I’ve always been hesitant to embrace the most prominent trending technology.
I remember berating GPS users in 2004 because I was convinced that relying on a GPS would render physical maps inert. The precursor to handheld GPS devices mounted on windshields were sites such as MapQuest. I was able to compromise with these sites because it at least required forethought to search potential routes to your destination and write down or print out the directions. But even that came with hesitation. I prided myself on learning how to drive around as a teenager from communicating with others, keeping my eyes open, and using a patient, pragmatic mindset to bounce back from getting lost.
Now that I have a GPS application on my phone, I don’t have to know my city. I can mindlessly drive on autopilot until a digitized voice prompts me to change course. On the flipside, this application shows me real-time traffic patterns so I can choose a more efficient route and spots nearby I may not have discovered otherwise; it leaves room for spontaneity and removes stress related to traffic, arrival time, and fear of getting lost.
So I guess I’ll take it.
Then, when I was a young adult, friends and family started using digital cameras. I was appalled. What do you mean, you can take 100 pictures and delete the ones you don’t like? Where is the intention of using a roll of film, knowing you’re limited to 24 photographs per roll? Where is the patience of waiting to develop the film? Aren’t those photographs more important? More meaningful? Doesn’t that process create a more powerful appreciation for the moment you decided to capture?
Maybe. Maybe not.
There is extreme, unintentional, and detached overuse of digital cameras, where teenagers (and, let’s face it, adults, too) will spend an hour trying to take the perfect selfies to upload on their <insert social media accounts here> profiles; or parents who photograph their children so much that their Facebook photo albums could be clicked through fast enough to look like a flipbook—not a second uncaptured. There is also an intentional appreciation for the improved features (e.g., resolution, digital image sensors, and dynamic range) and limitless ability to capture, create, and share. And, of course, you can certainly own a digital camera without going to the extreme.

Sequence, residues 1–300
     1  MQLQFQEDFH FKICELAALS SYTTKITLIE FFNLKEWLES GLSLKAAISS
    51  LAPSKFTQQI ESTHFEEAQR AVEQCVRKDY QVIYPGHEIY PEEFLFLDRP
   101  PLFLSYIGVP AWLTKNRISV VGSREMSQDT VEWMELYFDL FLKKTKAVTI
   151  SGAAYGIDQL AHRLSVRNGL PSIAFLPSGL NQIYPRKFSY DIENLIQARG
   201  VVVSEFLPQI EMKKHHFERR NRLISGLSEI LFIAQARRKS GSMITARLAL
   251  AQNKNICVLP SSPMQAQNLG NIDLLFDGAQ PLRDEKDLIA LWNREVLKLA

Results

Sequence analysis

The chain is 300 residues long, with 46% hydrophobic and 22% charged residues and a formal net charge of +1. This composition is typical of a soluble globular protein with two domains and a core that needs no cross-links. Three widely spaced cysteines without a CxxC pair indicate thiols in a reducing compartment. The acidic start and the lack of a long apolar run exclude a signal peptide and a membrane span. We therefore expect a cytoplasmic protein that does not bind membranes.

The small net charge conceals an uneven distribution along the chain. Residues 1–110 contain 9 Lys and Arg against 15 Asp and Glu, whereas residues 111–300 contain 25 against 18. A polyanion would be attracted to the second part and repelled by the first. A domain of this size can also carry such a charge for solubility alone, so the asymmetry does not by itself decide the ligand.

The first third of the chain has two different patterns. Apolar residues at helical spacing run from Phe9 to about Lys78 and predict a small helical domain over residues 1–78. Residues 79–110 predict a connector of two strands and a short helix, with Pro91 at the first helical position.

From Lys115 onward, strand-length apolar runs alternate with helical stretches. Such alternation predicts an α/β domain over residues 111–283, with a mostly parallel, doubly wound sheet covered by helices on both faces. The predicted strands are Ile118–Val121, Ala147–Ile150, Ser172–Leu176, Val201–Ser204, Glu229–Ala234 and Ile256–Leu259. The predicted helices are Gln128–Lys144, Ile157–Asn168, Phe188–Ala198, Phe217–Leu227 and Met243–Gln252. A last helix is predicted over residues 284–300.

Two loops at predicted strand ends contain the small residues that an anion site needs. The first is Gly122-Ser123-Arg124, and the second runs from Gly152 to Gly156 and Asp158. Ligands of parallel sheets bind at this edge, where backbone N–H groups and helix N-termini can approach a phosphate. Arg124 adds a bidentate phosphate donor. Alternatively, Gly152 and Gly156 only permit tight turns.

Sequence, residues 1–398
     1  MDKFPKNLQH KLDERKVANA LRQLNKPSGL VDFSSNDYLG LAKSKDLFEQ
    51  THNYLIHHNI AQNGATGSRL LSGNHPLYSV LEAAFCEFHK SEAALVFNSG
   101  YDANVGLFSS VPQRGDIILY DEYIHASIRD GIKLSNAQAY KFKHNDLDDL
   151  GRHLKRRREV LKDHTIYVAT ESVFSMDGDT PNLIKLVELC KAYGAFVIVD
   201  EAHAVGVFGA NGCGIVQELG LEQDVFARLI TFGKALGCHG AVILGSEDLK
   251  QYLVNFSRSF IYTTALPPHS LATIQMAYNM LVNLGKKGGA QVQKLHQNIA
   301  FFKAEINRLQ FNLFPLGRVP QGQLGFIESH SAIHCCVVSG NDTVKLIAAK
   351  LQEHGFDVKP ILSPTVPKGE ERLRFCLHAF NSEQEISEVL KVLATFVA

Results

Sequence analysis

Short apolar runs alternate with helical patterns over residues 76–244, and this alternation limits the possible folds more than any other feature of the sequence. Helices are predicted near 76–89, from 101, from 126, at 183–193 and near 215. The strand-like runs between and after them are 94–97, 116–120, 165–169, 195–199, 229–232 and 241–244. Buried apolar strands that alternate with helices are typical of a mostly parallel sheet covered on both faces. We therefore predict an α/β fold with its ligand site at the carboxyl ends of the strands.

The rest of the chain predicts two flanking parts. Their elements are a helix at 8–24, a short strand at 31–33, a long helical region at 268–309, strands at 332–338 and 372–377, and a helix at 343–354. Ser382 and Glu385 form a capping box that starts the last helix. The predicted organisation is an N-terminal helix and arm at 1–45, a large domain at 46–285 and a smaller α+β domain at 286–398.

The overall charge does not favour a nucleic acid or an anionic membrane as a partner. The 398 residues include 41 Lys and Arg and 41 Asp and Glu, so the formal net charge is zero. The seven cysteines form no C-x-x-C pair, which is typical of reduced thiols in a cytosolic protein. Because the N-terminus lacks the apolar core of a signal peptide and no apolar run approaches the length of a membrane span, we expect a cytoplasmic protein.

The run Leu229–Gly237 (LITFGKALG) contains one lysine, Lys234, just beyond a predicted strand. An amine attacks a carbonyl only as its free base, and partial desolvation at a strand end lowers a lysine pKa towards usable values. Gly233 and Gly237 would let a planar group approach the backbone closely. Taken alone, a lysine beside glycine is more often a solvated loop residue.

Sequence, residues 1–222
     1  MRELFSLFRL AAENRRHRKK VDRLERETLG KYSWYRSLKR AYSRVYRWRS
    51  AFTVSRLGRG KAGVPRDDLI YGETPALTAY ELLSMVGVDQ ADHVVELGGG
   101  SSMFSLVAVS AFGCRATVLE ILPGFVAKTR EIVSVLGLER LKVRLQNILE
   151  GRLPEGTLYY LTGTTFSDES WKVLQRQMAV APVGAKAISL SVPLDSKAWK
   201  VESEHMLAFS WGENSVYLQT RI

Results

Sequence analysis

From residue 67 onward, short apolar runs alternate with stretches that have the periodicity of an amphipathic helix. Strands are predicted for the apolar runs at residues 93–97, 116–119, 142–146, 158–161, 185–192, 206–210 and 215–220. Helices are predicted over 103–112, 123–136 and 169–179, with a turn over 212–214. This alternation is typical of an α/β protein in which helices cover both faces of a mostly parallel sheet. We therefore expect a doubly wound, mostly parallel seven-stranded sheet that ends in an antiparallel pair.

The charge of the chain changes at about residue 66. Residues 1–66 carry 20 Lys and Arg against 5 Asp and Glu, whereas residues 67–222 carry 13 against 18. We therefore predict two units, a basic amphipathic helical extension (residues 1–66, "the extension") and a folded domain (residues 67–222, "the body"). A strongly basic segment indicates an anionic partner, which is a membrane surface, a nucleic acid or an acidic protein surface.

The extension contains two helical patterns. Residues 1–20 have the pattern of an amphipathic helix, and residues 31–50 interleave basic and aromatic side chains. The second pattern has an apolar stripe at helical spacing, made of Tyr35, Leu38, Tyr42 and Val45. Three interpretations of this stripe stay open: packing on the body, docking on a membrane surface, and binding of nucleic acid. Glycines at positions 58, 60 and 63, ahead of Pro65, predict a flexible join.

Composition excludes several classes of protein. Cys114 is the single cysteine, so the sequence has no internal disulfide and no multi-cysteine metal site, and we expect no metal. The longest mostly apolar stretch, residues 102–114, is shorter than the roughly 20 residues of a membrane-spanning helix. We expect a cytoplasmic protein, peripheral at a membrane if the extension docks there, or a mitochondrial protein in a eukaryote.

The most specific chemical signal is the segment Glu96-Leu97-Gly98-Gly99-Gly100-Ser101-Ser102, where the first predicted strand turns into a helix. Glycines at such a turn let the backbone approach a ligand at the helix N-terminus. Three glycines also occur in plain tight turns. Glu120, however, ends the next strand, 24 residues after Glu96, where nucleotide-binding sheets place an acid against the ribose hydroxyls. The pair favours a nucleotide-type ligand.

So, yes, I own a digital camera, too.
I could go on and on about other innovations that are stripping us of our self-reliance, forethought, intention, and patience. When I started writing, I intended to do just that. I realized, however, that these innovations are just tools. They are not inherently good or bad. They don’t force anyone to do anything. Self-reliance, forethought, intention, and patience are ideas and values we can preserve or let go. It’s ultimately up to the individual to choose how to live while incorporating innovations that add value rather than take it away.
Enter the smartphone.
I am not the first and certainly won’t be the last person to write about the deleterious impact smartphones can have on our physical and emotional health. I see dozens of examples a day in my students. But again, these are just tools. Before letting it get out of control, it’s important to set limitations.
This is what I’ve been doing to dumb down my smartphone:
- Remove Notifications. I removed all notifications that buzz, light up, or ping. The only noises come from phone calls (during certain hours of the day) and alarms.
- Remove Social Media. My time spent on Facebook and Twitter is now limited to my laptop, which means I spend less time logged into those accounts in general.
- Avoid Muscle Memory. I have a certain number of frequently used applications on my homepage. These apps are grouped/stacked into categories, and I can only see the first icon in the group. Every week or two, I rearrange the order of application groups. Not only do I have to take an additional step to think through what I’m opening, I also have to remember how I categorized the applications and find what I want.
I challenge you to take a look at how you use the tools around you and make sure they remain tools rather than tethers.
Photograph © Ben Seidelman Some Rights Reserved